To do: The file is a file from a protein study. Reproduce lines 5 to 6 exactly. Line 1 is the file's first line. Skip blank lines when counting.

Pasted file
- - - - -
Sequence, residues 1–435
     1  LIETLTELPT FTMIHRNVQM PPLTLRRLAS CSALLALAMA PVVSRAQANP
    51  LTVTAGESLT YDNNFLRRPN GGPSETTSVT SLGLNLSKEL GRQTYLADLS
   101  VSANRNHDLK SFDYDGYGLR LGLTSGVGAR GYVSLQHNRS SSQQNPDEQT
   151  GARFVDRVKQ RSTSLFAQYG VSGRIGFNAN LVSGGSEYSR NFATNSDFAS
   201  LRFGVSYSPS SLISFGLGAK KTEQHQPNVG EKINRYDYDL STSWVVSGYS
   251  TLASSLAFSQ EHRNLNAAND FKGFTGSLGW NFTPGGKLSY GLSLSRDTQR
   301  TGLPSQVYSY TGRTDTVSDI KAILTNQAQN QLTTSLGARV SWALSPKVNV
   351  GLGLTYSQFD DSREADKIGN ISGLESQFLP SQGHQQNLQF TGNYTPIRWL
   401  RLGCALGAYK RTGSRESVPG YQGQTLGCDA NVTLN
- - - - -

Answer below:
   151  GARFVDRVKQ RSTSLFAQYG VSGRIGFNAN LVSGGSEYSR NFATNSDFAS
   201  LRFGVSYSPS SLISFGLGAK KTEQHQPNVG EKINRYDYDL STSWVVSGYS